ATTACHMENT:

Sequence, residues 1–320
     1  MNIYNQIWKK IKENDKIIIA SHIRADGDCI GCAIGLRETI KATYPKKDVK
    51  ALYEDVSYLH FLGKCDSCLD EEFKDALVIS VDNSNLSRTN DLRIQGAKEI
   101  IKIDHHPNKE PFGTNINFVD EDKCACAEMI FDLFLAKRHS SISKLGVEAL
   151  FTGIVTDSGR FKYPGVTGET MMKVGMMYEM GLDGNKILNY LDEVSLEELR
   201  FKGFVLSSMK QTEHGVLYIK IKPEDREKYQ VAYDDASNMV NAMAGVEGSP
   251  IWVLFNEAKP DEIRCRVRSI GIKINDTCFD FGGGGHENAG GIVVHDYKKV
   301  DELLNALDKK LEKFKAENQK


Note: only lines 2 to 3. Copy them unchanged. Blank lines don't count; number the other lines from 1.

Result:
     1  MNIYNQIWKK IKENDKIIIA SHIRADGDCI GCAIGLRETI KATYPKKDVK
    51  ALYEDVSYLH FLGKCDSCLD EEFKDALVIS VDNSNLSRTN DLRIQGAKEI